To most Christians, Easter is probably the holiest of holidays celebrated. Family traditions are important during this holiday. A common tradition is baking Resurrection buns and cookies. Our forum members shared two of their favorite recipes they use to celebrate the rising of Christ.
This first recipe for Resurrection Buns is a great one to try with kids. It's easy, fun to make, fun to eat, and the perfect bonding opportunity during the holidays.
Resurrection Buns Recipe (from Sharon D.)
What Are the Ingredients and What Do They Mean?
- 10 oz. can biscuits (will make about 8 buns)
- about 1/4 cup melted butter
- about 3 tablespoons white sugar - the sweetness of the sugar represents how Jesus gave us the sweetest gift we will ever receive.
- about 3 tablespoons cinnamon - the spices represent the spices used to anoint Jesus' body before His burial.
- 8 large marshmallow (1 per bun) - the marshmallow represents Jesus.
- Each child takes a canned biscuit and flattens it out until it's about 5 inches across.
- They spread melted butter, sugar and cinnamon on it. Here, you can explain the meaning of these spices, as described above.
- Each child gets one large marshmallow, which represents Jesus. They place the marshmallow in the center of the biscuit then fold the sides around it forming a "tomb".
You can help the younger children pinch the sides of their tombs closed and then place them crease side down on a baking sheet so they will not open while cooking.
- Put more butter, cinnamon, and sugar on the outside of the bun.
- At this point, you can go ahead and bake the buns, or wait to bake them in the morning while the kids are hunting the eggs. Follow the baking directions on the biscuit package and make sure to allow cooling time, since the marshmallow will be very hot.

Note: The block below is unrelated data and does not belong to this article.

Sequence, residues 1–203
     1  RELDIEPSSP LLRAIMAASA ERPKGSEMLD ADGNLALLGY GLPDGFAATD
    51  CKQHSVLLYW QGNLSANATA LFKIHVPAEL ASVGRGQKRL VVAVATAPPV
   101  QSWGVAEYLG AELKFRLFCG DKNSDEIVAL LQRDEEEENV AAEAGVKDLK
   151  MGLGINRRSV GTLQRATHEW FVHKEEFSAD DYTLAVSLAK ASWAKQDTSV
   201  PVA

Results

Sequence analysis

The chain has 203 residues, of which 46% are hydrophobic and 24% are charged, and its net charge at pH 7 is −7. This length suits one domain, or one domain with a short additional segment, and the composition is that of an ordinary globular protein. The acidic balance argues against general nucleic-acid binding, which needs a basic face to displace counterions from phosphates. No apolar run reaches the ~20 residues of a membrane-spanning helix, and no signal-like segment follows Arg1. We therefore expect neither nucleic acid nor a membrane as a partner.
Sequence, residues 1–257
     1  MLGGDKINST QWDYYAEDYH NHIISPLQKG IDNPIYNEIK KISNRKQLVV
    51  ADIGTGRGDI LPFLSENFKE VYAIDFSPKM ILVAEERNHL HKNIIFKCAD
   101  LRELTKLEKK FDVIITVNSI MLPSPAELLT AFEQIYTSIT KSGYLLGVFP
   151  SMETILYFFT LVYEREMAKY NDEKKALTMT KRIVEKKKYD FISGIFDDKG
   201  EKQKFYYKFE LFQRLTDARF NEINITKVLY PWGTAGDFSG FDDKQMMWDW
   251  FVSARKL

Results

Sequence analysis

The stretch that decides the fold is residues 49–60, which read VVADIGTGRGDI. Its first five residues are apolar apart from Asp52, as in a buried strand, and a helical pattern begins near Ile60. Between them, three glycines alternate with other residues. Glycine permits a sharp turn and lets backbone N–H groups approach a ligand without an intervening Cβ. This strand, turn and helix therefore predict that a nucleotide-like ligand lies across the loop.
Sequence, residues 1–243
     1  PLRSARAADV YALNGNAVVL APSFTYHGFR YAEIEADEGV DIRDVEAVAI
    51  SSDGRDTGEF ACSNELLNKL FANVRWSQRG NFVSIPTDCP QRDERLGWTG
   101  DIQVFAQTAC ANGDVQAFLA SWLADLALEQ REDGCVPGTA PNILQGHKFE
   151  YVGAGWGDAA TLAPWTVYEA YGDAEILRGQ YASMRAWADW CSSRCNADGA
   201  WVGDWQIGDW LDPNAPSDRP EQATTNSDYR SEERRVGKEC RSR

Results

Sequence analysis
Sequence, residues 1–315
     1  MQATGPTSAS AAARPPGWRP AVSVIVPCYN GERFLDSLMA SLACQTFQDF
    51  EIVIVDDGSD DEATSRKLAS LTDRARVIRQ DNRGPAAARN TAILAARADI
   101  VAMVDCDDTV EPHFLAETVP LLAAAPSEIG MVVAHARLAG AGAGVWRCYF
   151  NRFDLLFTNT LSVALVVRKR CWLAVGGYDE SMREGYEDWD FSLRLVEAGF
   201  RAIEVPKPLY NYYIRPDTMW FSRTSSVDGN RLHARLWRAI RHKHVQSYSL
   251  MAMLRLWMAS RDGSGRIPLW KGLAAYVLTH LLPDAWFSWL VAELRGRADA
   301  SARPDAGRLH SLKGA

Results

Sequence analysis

- Have the children bite into the bun. They will be surprised to find the center empty since the marshmallow has melted! As each child discovers the empty tomb, we repeat: He is not here for He is risen.
This baking of Resurrection buns has become a wonderful Easter morning tradition in our home. My kids start asking weeks in advance if we're going to make "empty tomb buns" again. They make and enjoy a delicious treat, and learn its importance as well. Plus, this is a tradition they can enjoy with their own families in the future.
To be made the evening before Easter
- 1 cup whole pecans
- 1 teaspoon vinegar
- 3 egg whites
- pinch salt
- 1 cup white sugar
- zipper baggie
- wooden spoon
Let each child smell the vinegar.
Put 1 teaspoon vinegar into mixing bowl. Explain that when Jesus was thirsty on the cross he was given vinegar to drink. Read John 19:28-30.
Add egg whites to vinegar. Eggs represent life. Explain that Jesus gave His life to give us life. Read John 10:10-11.
Sprinkle a little salt into each child's hand. Let them taste it and brush the rest into the bowl. Explain that this represents the salty tears shed by Jesus' followers, and the bitterness of our own sin. Read Luke 23:27.
So far the ingredients are not very appetizing. Add 1 cup sugar. Explain that the sweetest part of the story is that Jesus died because He loves us. He wants us to know and belong to Him. Read Ps. 34:8 and John 3:16.
Beat with a mixer on high speed for 12 to 15 minutes until stiff peaks are formed. Explain that the color white represents the purity in God's eyes of those whose sins have been cleansed by Jesus. Read Isa.1:18 and John 3:1-3.
Fold in broken nuts. Drop by teaspoons onto wax paper covered cookie sheet. Explain that each mound represents the rocky tomb where Jesus' body was laid. Read Matt. 27:57-60.
Put the cookie sheet in the oven, close the door and turn the oven OFF. Give each child a piece of tape and seal the oven door.
Explain that Jesus' tomb was sealed. Read Matt. 27:65-66.
GO TO BED! Explain that they may feel sad to leave the cookies in there overnight. Jesus' followers were in despair when the tomb was sealed. Read John 16:20 and 22.
On Easter morning, open the oven and give everyone a cookie. Notice the cracked surface and take a bite. The cookies are hollow! On the first Easter Jesus' followers were amazed to find the tomb open and empty. Read Matt. 28:1-9